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1/47. Cerebellar hemorrhage caused by dural arteriovenous fistula: a review of five cases.

    OBJECT: In this study the authors performed a retrospective analysis of five cases in which the patients (three women and two men) were treated for intracranial dural arteriovenous fistulas (AVFs) associated with cerebellar hemorrhage. On the basis of their findings, the authors evaluated the characteristics of this unusual symptom. methods: The dural AVFs were located in the right cavernous sinus in one patient, the left transverse-sigmoid sinus in three patients, and the right superior petrosal sinus (SPS) in one patient. All patients presented with severe headache and/or loss of consciousness. Computerized tomography scans revealed a small cerebellar hemorrhage near the fourth ventricle and hydrocephalus in four cases, and a massive hemispheric cerebellar hemorrhage in the remaining case. The four patients with small hemorrhages underwent ventriculostomy and endovascular treatment; all recovered. The patient suffering from a massive hemorrhage because of a dural AVF in the SPS was treated by suboccipital craniectomy, hematoma evacuation, and removal of the vascular anomaly. This patient remains in a persistent vegetative state. In four cases, results of angiography demonstrated retrograde leptomeningeal venous drainage through the SPS to the anastomotic lateral mesencephalic vein (ALMV) and/or to the vein of the lateral recess of the fourth ventricle (VLR4V). Retrograde leptomeningeal venous drainage to the ALMV and/or VLR4V was responsible for cerebellar hemorrhage in these cases. CONCLUSIONS: Thus, it is important to consider dural AVF in cases in which there is even a small hemorrhage near the fourth ventricle accompanied by intraventricular perforation and a decreased level of consciousness.
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keywords = ventricle
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2/47. Fatal progression of posttraumatic dural arteriovenous fistulas refractory to multimodal therapy. Case report.

    The authors report the case of a man who suffered from progressive, disseminated posttraumatic dural arteriovenous fistulas (DAVFs) resulting in death, despite aggressive endovascular, surgical, and radiosurgical treatment. This 31-year-old man was struck on the head while playing basketball. Two weeks later a soft, pulsatile mass developed at his vertex, and the man began to experience pulsatile tinnitus and progressive headaches. magnetic resonance imaging and subsequent angiography revealed multiple AVFs in the scalp, calvaria, and dura, with drainage into the superior sagittal sinus. The patient was treated initially with transarterial embolization in five stages, followed by vertex craniotomy and surgical resection of the AVFs. However, multiple additional DAVFs developed over the bilateral convexities, the falx, and the tentorium. Subsequent treatment entailed 15 stages of transarterial embolization; seven stages of transvenous embolization, including complete occlusion of the sagittal sinus and partial occlusion of the straight sinus; three stages of stereotactic radiosurgery; and a second craniotomy with aggressive disconnection of the DAVFs. Unfortunately, the fistulas continued to progress, resulting in diffuse venous hypertension, multiple intracerebral hemorrhages in both hemispheres, and, ultimately, death nearly 5 years after the initial trauma. Endovascular, surgical, and radiosurgical treatments are successful in curing most patients with DAVFs. The failure of multimodal therapy and the fulminant progression and disseminated nature of this patient's disease are unique.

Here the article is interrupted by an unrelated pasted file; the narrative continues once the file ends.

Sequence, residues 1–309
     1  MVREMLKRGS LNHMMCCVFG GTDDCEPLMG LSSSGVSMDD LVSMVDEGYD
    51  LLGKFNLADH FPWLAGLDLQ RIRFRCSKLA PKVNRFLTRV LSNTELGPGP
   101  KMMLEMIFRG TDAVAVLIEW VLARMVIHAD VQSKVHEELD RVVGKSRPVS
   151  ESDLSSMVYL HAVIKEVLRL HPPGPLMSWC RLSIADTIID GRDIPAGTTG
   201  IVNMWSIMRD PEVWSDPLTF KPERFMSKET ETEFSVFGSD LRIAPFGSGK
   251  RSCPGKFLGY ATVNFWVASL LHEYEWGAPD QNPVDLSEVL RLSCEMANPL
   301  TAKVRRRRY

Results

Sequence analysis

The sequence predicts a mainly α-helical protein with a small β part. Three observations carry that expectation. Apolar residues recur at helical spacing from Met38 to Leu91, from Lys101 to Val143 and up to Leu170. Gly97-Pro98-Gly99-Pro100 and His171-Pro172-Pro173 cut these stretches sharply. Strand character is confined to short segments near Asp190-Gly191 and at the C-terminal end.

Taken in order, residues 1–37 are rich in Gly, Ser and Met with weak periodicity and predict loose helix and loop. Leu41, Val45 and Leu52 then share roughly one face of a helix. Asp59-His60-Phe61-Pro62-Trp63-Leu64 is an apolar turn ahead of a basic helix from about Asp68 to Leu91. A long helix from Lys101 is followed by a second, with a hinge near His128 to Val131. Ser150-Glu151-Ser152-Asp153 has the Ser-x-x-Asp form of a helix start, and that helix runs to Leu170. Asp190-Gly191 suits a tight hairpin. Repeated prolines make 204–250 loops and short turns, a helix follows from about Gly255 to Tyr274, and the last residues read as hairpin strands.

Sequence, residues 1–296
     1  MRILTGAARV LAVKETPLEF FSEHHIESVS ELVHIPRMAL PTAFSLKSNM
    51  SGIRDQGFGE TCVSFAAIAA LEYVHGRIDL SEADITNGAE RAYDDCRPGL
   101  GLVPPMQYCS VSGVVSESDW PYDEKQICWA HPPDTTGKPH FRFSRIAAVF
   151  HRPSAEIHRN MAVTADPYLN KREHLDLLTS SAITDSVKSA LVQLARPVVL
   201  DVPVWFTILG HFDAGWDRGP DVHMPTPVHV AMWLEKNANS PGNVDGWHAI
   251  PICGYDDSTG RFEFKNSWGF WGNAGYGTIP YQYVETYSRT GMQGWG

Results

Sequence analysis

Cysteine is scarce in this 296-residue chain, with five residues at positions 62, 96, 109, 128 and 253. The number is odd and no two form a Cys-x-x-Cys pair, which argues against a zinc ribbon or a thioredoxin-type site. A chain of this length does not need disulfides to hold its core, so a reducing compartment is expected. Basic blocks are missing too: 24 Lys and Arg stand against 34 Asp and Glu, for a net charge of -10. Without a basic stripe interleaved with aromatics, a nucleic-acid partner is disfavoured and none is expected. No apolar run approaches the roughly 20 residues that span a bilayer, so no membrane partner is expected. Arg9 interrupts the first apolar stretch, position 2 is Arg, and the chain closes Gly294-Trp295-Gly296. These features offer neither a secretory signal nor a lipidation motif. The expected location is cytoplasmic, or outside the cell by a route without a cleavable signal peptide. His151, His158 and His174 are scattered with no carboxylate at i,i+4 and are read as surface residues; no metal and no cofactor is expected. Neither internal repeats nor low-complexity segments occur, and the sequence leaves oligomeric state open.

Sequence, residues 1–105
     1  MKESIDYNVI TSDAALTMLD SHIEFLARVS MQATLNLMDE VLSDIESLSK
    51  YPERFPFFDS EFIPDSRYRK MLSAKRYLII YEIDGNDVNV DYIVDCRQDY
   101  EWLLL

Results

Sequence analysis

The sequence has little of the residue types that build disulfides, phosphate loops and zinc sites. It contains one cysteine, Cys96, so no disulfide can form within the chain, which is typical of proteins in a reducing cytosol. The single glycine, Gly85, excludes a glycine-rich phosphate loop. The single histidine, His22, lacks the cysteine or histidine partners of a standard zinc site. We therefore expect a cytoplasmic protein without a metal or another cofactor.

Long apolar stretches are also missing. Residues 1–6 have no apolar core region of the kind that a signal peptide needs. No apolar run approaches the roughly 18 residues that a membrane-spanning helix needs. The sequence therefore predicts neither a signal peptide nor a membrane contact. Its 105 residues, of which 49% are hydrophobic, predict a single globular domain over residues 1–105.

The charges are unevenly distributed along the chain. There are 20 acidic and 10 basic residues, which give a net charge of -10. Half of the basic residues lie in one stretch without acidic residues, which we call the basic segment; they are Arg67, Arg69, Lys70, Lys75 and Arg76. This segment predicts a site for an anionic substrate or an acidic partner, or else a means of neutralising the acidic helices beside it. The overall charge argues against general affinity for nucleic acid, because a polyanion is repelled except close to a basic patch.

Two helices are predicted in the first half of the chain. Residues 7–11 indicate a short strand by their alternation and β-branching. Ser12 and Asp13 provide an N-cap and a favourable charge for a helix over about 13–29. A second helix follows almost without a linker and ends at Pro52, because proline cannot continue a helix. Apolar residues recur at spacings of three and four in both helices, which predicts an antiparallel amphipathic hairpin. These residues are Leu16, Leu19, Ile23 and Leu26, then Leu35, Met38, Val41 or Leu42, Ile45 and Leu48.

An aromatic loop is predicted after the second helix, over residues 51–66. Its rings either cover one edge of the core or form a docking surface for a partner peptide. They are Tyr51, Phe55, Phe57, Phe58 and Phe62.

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ranking = 4.0471176954733
keywords = cerebral
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3/47. Dural arteriovenous fistulae at the foramen magnum.

    Spinal dural arteriovenous fistulae (DAVF) affect predominantly levels of the lower thoracic and lumbar segments; only 13 cases have been reported of DAVF at the foramen magnum. We present three surgically treated patients with DAVF at the foramen magnum. In none of our three patients could the site of the arteriovenous fistula be suspected from the clinical presentation. The clinical course varied from acutely developing signs and symptoms to a 10-year history of very slowly progressing symptoms. After neuroradiological diagnosis the patients were operated on direct microsurgical disconnection of the arteriovenous shunt via an enlargement of the foramen magnum and a hemilaminectomy of C1. DAVF at the foramen magnum may thus present with slowly to acutely progressing clinical symptoms and signs. Spinal angiographic examination should include the level of the foramen magnum if standard spinal angiography of thoracic, lumbar, and sacral segments is negative in suspected spinal DAVF since the nidus of the shunt can be situated remote from the level of neurological disorder. DAVF at the foramen magnum can be treated very effectively and with minimal surgical trauma by direct microsurgical disconnection of the shunt. This surgical procedure is indicated if embolization with glue is not possible or is unsuccessful.